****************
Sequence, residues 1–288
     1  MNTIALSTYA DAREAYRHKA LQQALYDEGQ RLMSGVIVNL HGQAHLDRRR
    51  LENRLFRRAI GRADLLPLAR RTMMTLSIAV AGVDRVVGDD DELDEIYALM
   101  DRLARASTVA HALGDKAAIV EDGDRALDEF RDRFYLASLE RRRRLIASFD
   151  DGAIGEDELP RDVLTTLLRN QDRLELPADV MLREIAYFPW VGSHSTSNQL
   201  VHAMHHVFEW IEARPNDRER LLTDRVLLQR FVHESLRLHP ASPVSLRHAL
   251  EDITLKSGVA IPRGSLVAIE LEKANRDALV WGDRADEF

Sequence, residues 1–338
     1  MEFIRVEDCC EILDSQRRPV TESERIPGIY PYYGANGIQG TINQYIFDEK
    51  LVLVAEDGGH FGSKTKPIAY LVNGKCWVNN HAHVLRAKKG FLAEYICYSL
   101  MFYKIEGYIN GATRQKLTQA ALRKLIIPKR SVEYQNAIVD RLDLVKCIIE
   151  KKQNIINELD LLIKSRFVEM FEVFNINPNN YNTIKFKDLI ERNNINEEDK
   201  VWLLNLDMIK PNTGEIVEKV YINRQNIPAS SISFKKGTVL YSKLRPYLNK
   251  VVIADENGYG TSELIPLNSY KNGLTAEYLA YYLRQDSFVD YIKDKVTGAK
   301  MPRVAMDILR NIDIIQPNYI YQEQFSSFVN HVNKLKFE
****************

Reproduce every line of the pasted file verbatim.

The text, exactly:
Sequence, residues 1–288
     1  MNTIALSTYA DAREAYRHKA LQQALYDEGQ RLMSGVIVNL HGQAHLDRRR
    51  LENRLFRRAI GRADLLPLAR RTMMTLSIAV AGVDRVVGDD DELDEIYALM
   101  DRLARASTVA HALGDKAAIV EDGDRALDEF RDRFYLASLE RRRRLIASFD
   151  DGAIGEDELP RDVLTTLLRN QDRLELPADV MLREIAYFPW VGSHSTSNQL
   201  VHAMHHVFEW IEARPNDRER LLTDRVLLQR FVHESLRLHP ASPVSLRHAL
   251  EDITLKSGVA IPRGSLVAIE LEKANRDALV WGDRADEF

Sequence, residues 1–338
     1  MEFIRVEDCC EILDSQRRPV TESERIPGIY PYYGANGIQG TINQYIFDEK
    51  LVLVAEDGGH FGSKTKPIAY LVNGKCWVNN HAHVLRAKKG FLAEYICYSL
   101  MFYKIEGYIN GATRQKLTQA ALRKLIIPKR SVEYQNAIVD RLDLVKCIIE
   151  KKQNIINELD LLIKSRFVEM FEVFNINPNN YNTIKFKDLI ERNNINEEDK
   201  VWLLNLDMIK PNTGEIVEKV YINRQNIPAS SISFKKGTVL YSKLRPYLNK
   251  VVIADENGYG TSELIPLNSY KNGLTAEYLA YYLRQDSFVD YIKDKVTGAK
   301  MPRVAMDILR NIDIIQPNYI YQEQFSSFVN HVNKLKFE